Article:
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Open Container

To be charged with open container, you must have been carrying an open alcoholic drink in any of the following circumstances:

  • In a liquor store (unless it was a sample)
  • Anywhere that has a permit, unless any of the following apply:
    • It’s authorized to sell beer or liquor for immediate consumption
    • It’s authorized to serve beer, wine or mixed drinks
    • It’s a convention center
    • It’s a sample
    • It’s a music festival
    • It’s an outdoor performing arts center or orchestral performance
  • In any other public place
  • In a car, moving or stationary, whether you’re the driver or a passenger, unless
    • You’ve paid to ride in a limousine and you’re sitting in the back

Nearly every day in central Ohio people are charged with open container. During every OSU football season, thousands of open container tickets are issued to tailgating fans. An open container charge is a minor misdemeanor, punishable by up to a $150 fine.

If you are convicted of an open container offense, additional potential issues include:

  • Maintaining your current employment
  • Difficulty getting a good job in the future
  • Difficulty and possible denial in immigration and naturalization proceedings

Although it is a minor misdemeanor that is punishable only by a fine, an open container violation is still an alcohol related offense and should be treated with an appropriate level of concern.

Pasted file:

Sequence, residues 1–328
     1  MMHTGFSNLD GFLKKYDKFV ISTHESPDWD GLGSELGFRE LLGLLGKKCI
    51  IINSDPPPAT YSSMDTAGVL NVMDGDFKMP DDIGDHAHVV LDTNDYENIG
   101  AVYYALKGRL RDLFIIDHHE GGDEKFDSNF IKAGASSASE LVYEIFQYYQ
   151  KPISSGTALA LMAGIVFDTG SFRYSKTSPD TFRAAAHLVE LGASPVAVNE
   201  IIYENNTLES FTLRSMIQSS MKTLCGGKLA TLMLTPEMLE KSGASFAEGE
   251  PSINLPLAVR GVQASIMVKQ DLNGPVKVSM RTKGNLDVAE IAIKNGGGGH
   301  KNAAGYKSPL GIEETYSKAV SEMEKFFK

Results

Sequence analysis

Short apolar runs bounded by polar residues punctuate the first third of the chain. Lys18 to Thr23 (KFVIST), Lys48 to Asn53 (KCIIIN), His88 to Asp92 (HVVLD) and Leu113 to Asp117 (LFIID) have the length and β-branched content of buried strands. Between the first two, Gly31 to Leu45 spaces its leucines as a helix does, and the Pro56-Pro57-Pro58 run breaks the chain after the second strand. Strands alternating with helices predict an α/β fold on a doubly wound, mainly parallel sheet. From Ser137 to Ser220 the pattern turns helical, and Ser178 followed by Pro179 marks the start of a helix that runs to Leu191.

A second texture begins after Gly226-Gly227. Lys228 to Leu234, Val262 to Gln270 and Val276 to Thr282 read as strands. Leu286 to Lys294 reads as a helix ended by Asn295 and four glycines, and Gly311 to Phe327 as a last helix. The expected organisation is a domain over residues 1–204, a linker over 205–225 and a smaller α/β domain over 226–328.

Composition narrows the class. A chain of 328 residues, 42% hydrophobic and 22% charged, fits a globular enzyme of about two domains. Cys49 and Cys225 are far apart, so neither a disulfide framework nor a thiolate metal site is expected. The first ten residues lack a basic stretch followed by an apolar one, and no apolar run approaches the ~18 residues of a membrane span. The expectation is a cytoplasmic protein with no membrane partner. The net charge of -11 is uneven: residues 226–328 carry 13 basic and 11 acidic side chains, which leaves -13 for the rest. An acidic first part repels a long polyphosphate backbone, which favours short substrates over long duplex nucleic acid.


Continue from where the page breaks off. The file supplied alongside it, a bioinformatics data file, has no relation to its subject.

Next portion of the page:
The Columbus Criminal Defense team takes an aggressive and comprehensive approach when representing clients charged with open container. First and foremost, we will figure out what mistakes the police made and what legal issues can be raised on your behalf.

We do this by requesting discovery from the prosecutor. The discovery will generally consist of police reports, additional investigative notes and potentially a lab analysis of the alcohol. As our client, you will receive a copy of everything received from the prosecutor for your review

Based on the legal weaknesses in the State of Ohio’s case and any other mitigating factors, we will negotiate the best possible plea available with the prosecutor for you to consider in resolving your case.

If your case cannot be resolved satisfactorily with a plea, it would then proceed to a motion hearing (a hearing where the judge issues a ruling on an evidentiary issue) or a trial to the judge or jury, depending on the circumstances.

For nearly ten years, the Columbus Criminal Defense team has successfully represented clients charged with open container. That extensive previous experience will enable us to better help you.

Contact us today!

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If you’ve been charged with theft, it’s important to know what you’re up against. If you have any questions left unanswered by this page, or if you need a competent, experienced criminal defense attorney to fight for you in court, please contact us at or via email at advice@columbuscriminalattorney.com.

Open container is a minor misdemeanor and carries with it a potential fine of no more than $150.
Have a question we didn’t answer below? Feel free to email us or call us and we’ll help you out.

Yes, you can! The person operating the boat, however, still can’t have an open container, and his or her blood alcohol content cannot exceed 0.08, just like with cars.

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Luftman, Heck & Associates LLP
580 E Rich St Fl 2
Columbus, OH 43215-5335
advice@columbuscriminalattorney.com

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FAX: (614) 413-2886